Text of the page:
Danzantes Unidos Festival DUF 2023 “BAILAR ES VIVIR” will take place on March 31, April 1 & 2 in Fresno, CA and honors the ongoing work of folklorico artists sharing culture and traditions across the United States and in Mexico. Registration is OPEN at www.danzantes.org . Early Registration ends Tuesday, December 27, 2022.
Maestra Blanca Araceli Soto is an accomplished actress, choreographer, director, producer and dancer. In 2017, she lent her voice and character EMCEE, to the 2018 OSCAR WINNER film Disney/Pixar’s “COCO” Her versatility as an artist has allowed her to pursue multiple projects, including significant roles in ABC’s “The Conners”, NBC’s “Mr. Mayor”, CBS’s “S.W.A.T”, FX’s “The Bridge”, “VEEP’, “For the People”, “AHS”, “Shameless,” “Young and Hungry,” “East Lost High”, “I’m Sorry”, “They Call Us Sediciosos”, HBO’s “UNIMUNDO 45”, “Cristina,” “Feeding Mr. Baldwin,” and “Miss.Patti”. BlancaAraceli has also appeared in several films: “Joy Ride” winner of the audience’s choice in the PBS Short film festival 2021. For the past 30 years she also has worked in more than 90 plays in USA, Mexico and Brazil. Her work was outstanding at the Dallas Theater Center, The Garry Marshall Theater and Pasadena Playhouse, in the Role of Carmen, in Josefina Lopez’s play: “Real Women Have Curves”. She received the “Favorite Actress Award”, at the 29th Annual Fred Awards.
Blanca Araceli, has received countless recognitions for her tireless work to promote the culture and folklore of Mexico and the World for more than 25 years, including the GOLDEN EAGLE AWARD for COMMUNITY IMPACT in 2019, “BE THE LIGHT” Award at Danzantes Unidos Festival 2022 & the most recent Latin American Motion Pictures Awards 2022. Since 1996, Ms. Araceli has been the director and choreographer of Tierra Blanca Dance Company in Los Angeles, California. Her passion for children led her to establish the Tierra Blanca Arts Center in 2002, and she has created several programs to help local talent to promote their culture, folk and tradition by bring quality theatrical performances, including Semblanza, Antorcha Cultural, Cultural Summer Camp, Foro de Arte y Cultura and Danza Escenica.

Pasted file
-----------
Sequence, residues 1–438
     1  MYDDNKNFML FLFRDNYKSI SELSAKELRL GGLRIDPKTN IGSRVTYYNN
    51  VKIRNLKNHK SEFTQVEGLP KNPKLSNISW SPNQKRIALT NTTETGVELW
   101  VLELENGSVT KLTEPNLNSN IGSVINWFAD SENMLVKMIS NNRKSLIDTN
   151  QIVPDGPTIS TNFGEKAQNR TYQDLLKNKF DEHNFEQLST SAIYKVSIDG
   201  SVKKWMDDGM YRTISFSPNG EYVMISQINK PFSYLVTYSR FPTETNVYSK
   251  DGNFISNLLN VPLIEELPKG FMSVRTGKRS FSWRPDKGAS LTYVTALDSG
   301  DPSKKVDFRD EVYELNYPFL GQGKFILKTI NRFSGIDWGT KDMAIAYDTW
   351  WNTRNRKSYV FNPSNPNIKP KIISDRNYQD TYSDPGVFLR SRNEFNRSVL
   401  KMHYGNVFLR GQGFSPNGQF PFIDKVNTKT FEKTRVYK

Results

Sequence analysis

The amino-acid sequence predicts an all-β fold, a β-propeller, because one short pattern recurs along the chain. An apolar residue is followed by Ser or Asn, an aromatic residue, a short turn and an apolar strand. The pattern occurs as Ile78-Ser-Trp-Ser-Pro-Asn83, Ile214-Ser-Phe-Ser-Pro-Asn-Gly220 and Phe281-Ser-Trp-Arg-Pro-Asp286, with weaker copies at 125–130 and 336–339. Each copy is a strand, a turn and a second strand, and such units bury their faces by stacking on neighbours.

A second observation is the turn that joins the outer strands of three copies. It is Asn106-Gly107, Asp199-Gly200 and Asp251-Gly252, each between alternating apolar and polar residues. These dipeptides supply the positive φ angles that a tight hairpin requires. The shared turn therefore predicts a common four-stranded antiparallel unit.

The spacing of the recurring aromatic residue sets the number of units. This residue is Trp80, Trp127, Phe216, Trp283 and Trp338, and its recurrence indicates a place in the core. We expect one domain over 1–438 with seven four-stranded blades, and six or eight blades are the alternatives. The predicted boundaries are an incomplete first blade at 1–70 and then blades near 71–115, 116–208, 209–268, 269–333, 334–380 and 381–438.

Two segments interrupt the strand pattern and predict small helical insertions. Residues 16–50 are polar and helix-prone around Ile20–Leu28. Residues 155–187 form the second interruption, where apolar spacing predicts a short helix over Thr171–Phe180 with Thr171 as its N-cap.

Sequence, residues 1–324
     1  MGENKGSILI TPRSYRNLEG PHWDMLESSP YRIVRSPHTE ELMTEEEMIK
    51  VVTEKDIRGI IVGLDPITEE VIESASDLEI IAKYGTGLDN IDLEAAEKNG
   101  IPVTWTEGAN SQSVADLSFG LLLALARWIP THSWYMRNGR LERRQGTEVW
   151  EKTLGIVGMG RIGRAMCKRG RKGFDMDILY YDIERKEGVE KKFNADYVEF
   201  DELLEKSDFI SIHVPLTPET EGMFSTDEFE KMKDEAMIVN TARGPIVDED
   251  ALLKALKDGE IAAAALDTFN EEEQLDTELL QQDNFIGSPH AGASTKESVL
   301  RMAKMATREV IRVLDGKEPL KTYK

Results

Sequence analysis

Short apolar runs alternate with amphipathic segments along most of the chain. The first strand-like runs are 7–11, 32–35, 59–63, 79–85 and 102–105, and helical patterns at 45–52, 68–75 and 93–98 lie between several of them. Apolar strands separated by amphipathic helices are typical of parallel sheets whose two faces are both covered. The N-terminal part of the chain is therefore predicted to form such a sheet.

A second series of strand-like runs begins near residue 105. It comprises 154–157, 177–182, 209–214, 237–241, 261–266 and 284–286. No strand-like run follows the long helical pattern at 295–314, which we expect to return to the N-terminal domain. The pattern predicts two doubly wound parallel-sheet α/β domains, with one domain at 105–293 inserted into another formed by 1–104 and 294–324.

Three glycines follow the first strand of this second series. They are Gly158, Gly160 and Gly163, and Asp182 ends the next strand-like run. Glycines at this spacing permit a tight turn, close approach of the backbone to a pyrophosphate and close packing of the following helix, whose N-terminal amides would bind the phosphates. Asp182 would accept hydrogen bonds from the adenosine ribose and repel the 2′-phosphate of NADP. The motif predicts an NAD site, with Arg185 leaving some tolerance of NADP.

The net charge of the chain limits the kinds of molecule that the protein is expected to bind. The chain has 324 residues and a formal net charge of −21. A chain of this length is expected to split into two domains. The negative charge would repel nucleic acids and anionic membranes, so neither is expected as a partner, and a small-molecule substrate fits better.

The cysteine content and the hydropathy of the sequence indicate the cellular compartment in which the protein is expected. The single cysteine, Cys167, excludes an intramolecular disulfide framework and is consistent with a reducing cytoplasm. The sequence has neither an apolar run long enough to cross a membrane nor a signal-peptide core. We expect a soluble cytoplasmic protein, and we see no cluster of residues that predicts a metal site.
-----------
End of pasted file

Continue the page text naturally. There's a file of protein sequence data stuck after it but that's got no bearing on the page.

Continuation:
Her motto remains: “Cultural awareness brings better communities.”
DUF 2023 (ages 13+) – Dance Theater: Tercera Raiz “Tribute to Yanga”
In the mid XVI and XVII centuries, the black population were the overwhelming majority in Veracruz. The powerful forces of their music, rhythm, and dance had great weight over the new musical tradition and dancing of the newly born nation Indio Afro-Mestiza-Mexicana. In the port of Veracruz, the Inquisition labeled “Chuchumbe”an immoral dance and threatened to excommunicate those who divulged in the dance calling them “vulgar people, sailors, blacks and mulatos.”
Gaspar Yanga— known as the Primer Libertador de America or “first liberator of the Americas,” Gaspar Yanga led one of colonial Mexico’s first successful slave uprisings and would go on to establish one of Americas earliest free black settlements Palenque. Rumored to be of royal lineage from West Africa, Yanga was an enslaved worker in the sugarcane plantations of Veracruz, Mexico. In 1570 he, along with a group of followers, he escaped and fled to the mountainous regions near Córdoba where he established a settlement of former slaves. They remained there virtually unmolested by Spanish authorities for nearly 40 years. Taking on the role of spiritual and military leader he structured the agricultural community. During that time, Yanga and his band, also known as cimarrónes, were implicated in the disruption and looting of trade goods along the Camino Real (Royal Road) between Veracruz and Mexico City. They were also held responsible for attacking nearby haciendas and kidnapping indigenous women. Perceived as dangerous to the colonial system of slavery through their daring actions against royal commerce and authority, New Spain’s viceroy called for the annihilation of Yanga’s Palenque. Destroying the community and its leader would send a message to other would-be rebellious slaves that Spain’s authority over them was absolute. In 1609, Spanish authorities sent a well-armed militia to defeat Yanga and his Palenque but were defeated. Yanga’s surprise victory over the Spanish heightened the confidence of his warriors and the frustration in Mexico City. After defeating other Spanish forces sent again the Palenque, Yanga offered to make peace but with certain conditions. The most important being recognition of the freedom of all of the Palenque’s residents prior to 1608, acknowledgment of the settlement as a legal entity which Yanga and his descendants would govern, and the prohibition of any Spanish in the community. Yanga, in turn, promised to serve and pay tribute to the Spanish crown. After years of negotiations, in 1618, the town of San Lorenzo de Los Negros was officially recognized by Spanish authorities as a free black settlement. It would later be referred to as Yanga, named after its founder.
SONGS: Canto de Negros / Conga de San Benito
DUF 2023 will take place on March 31, April 1 & 2 in Fresno, CA.
Regular Registration ends on December 27, 2022
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